But as I read slashdot, and other tech sites / articles, and realize for some of the software being written nowadays, I would have absolutely NO IDEA how to even begin writing it.

    Fear not your own ignorance. Only fear your acceptance of it. I am confident that if I wanted to build an emulator I could. I personally find other things more interesting but you just have to buckle down and really pick it apart and look for answers. As I said above, these emulators might have proprietary reverse engineering so these backwards black boxes might not be the best place to start as you may be met with frustration. On top of that, the newer consoles are now fighting a war & implementing encryption scheme which just makes the emulator all that more complicated. Why don't you pick a project like Firefox? Get the source, find out what the common developing environment is and step through the code when you visit a page. That's where it all starts.

    Most importantly, you don't need to do everything from the ground up. It helps to know everything that's going on below the abstractions you sit upon but you don't need to think about that every time you write code. Learn to use libraries & frameworks. To quote Salvador Dali: "Those who do not want to imitate anything, produce nothing." I couldn't start writing an emulater either. But if I looked at the source trees and structures of the more popular ones out there, I'm damn sure I could figure it out. That confidence I have in myself is infallible and that's important to me. Sorry to sound like Dr. Phil but you asked for my opinion.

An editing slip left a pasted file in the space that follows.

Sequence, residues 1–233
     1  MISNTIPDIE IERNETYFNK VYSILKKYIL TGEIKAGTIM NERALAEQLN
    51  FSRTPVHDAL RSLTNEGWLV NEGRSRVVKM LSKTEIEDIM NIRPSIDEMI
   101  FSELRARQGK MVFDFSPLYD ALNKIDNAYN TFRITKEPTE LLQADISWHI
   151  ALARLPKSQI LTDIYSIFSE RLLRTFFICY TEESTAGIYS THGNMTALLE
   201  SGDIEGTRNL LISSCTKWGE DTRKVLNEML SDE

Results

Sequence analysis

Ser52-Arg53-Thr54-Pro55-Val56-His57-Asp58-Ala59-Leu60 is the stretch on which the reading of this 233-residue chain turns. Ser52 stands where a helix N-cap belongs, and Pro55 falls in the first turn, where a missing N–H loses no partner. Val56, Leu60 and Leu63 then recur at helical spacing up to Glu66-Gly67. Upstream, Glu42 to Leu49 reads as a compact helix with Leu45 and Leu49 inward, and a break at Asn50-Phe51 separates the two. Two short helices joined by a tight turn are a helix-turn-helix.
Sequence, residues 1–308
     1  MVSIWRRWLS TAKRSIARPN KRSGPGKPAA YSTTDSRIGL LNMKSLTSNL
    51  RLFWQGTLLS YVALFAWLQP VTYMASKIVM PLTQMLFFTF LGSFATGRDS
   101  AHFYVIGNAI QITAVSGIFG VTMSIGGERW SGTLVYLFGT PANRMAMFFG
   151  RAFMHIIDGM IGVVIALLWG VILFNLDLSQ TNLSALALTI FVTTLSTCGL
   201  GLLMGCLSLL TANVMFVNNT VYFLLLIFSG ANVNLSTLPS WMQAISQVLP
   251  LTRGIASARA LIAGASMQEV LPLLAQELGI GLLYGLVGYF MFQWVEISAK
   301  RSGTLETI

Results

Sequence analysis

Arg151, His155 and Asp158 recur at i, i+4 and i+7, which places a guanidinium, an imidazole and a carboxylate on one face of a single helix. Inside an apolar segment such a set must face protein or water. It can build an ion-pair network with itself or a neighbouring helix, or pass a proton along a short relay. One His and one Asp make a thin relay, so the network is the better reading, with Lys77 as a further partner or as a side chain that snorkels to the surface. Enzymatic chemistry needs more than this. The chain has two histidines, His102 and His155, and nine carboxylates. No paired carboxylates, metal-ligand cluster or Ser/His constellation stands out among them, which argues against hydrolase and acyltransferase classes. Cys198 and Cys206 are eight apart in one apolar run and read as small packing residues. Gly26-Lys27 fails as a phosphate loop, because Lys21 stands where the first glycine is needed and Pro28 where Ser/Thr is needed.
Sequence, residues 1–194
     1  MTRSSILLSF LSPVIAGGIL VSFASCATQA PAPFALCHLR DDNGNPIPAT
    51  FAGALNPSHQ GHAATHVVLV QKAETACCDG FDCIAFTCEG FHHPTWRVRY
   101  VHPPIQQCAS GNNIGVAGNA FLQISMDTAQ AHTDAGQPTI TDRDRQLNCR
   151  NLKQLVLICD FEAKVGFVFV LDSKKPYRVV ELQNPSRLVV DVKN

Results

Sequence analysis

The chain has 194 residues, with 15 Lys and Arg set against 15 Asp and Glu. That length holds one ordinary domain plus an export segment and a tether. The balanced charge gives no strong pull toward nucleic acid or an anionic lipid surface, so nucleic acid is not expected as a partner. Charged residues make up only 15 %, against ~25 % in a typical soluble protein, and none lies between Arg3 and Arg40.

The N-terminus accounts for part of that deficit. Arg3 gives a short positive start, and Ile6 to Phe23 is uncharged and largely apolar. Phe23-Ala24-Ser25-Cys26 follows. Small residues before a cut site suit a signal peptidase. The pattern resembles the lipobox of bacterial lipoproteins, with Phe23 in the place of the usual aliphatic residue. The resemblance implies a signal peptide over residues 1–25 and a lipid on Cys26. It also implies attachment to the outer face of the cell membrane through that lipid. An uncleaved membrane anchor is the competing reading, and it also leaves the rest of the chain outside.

There are different tricks to different applications. Some are more simple than others. In my opinion, the less tricks you need to get started in a language, the better. Because we're not all world class magicians (although every language has some players that could rock your world in said language). This is why Java, while not as efficient as C, is probably taught to you first. There are very few tricks one needs to know in Java. But you know what? Java is still quite useful. Those responsible for implementing it did a decent job and now the web service programmer needs to know very little about them because configuring them has been abstracted and made easier by many UI & IDE tools out there. But web services are a very practical and widely accepted concept out there today. In fact, pay the bills by writing some very inane web se

  • Write new code (Score:5, Insightful)

    by stibrian (848620) on Monday December 11, 2006 @11:31AM (#17194702)
    If you want to be a coder...

    write more code of your own
    write more code
    read more code